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Strengthening Supply Chains through Value Additions and Enterprise Development
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Strengthening Supply Chains through Value Additions and Enterprise Development

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www.fao.org/sids …

www.fao.org/sids

The presentation will be made in the context of the Regional Preparatory Meeting for the Caribbean towards the Third International Conference on SIDS 2014. FAO is hosting a special event: "Addressing major threats for improved livelihoods and sustainable development in the Caribbean SIDS"

Published in: Education, Business, Technology

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  • 1. Strengthening Supply Chains through Value Additions and Enterprise Development Agriculture, Fisheries & Related Sectors Ranjit H Singh
  • 2. Why the Need to Strengthen Supply Chains in Agriculture, Fisheries & Related Industries in the Caribbean? • The performance of the small farmers , fisherfolks & many SMEs in agriculture have not improved significantly over the years • With globalization the position of small producers in the region appears to have worsened: oDeclining incomes oNegative impact on livelihoods • Climate change impacts would further increase the vulnerability of this group
  • 3. Performance experience of agriculture in the region and more specifically that of the small producer? • Yes, we have had growth and development in some subsectors/ industries: e.g. rice, sugar, cocoa, coffee ,citrus, poultry • Yes, we have had growth and development of larger agribusiness such as processors , marketeers • However small producers, fisherfolks and SMEs have generally failed to fully capture the potential business benefits. Why?
  • 4. How could Value Addition & Enterprise Development Help ? • Value Addition: helps to enhance income of the producer by capturing additional returns through product or service enhancement – requires innovation on the part of the producer • Enterprise Development: refers to growing the enterprise with respect to key performance indicators: • Profitability • GROWTH of ASSET BASE • Competitiveness How could small producers grow their businesses ?
  • 5. Strengthening Supply Chains through Contract Farming – Weaknesses of Types of Arrangements in the Caribbean Benefits • the relationship typically includes a CONTRACT to supply produce to the processor in fixed quantities and possibly grades at pre-established prices • In return, processors may provide technology and inputs eg broiler • Supplies guaranteed in some cases (sugar, rice, citrus, banana) • Attractive returns to processor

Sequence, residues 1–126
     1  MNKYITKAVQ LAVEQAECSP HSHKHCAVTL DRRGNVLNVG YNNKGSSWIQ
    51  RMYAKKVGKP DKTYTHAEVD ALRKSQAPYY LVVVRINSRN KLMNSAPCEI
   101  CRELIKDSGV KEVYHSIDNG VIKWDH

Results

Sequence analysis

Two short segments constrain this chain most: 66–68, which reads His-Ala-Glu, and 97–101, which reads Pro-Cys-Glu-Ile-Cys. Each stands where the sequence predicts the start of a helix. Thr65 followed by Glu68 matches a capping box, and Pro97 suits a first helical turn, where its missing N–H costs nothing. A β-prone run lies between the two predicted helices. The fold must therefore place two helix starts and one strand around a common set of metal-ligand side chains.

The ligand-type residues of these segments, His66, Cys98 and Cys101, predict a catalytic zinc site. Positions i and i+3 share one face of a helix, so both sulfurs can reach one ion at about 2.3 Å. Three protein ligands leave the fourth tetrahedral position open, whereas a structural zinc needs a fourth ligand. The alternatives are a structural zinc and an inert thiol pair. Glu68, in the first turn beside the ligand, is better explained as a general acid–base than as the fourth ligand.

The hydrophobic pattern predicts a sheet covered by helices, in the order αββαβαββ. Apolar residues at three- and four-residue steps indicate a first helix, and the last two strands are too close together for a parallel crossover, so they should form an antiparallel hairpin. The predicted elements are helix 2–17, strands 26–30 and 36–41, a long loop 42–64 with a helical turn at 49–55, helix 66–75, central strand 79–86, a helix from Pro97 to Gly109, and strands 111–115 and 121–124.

• 6. Strengthening Supply Chains through Contract Farming – Weaknesses of Types of Arrangements in the Caribbean Deficiencies • No sharing of rewards or risk , producer faces all prod’n risks • No sharing of information –asymmetry of information • No transparency • Producer typically is a price taker (where price paid is the residual after all costs, profits and return to capital) to the processor • No involvement in decisions on the Supply Chain operations on part of the producers • Tendency for mutual mistrust • Fresh Produce suppliers may divert supplies to the fresh market when more attractive prices are offered
  • 7. What Transformative Actions are required to Improve Livelihoods? • BUILDING INCLUSIVE BUSINESS PARTNERSHIPS along the supply chain to BUILD COMMITMENT & TRUST • HOW? o Small producer & SME shares in the returns & risks of the partnership o Power -Have a say in the business of the partnership o Transparency – information on the business is shared o Better access to finance (business partners provide leverage and guarantee) o Partner may provide technology and training o Enhanced market power o Larger capital base collectively among partners & capacity to fund innovation EXAMPLES?
  • 8. Policy Options for the Caribbean Improving Livelihoods 1. Establishing policies conducive to strengthening the supply chain and a focus on Agro-Industry development including A shift in current policy: From a policy focus that is small producer/farmer centred to agro-business cluster involving supply chain partners, including large produces and all value added operators along the supply chain
  • 9. Policy Options for the Caribbean Improving Livelihoods 2. Sensitization of farmers and SMEs in agriculture on IBMs: o What are IBMs ? o Benefits -possibilities for improving profits & growth o How they work o Critical success factors 3. Government acting as a third party facilitator to: o Organize the industry into supply chain business clusters o Facilitate the formation of IBMs in key clusters o Becoming an small owner /equity holder where desirable o As a guarantor of small farmer & SMEs business risks o Provision of Business support services (including capacity building)
  • 10. Challenges to Building Business partnership in Agriculture & Fisheries in the Caribbean • A culture of independence: small produces & SMEs • Lack of trust between producers and business entities along the value chain • Reluctance to share business information • Generally poor experience /negative image of Cooperatives throughout the Caribbean • Limited experience with government involvement as joint venture partners in agriculture with small scale operators & SMEs • Fear of political interference.
  • 11. Thank You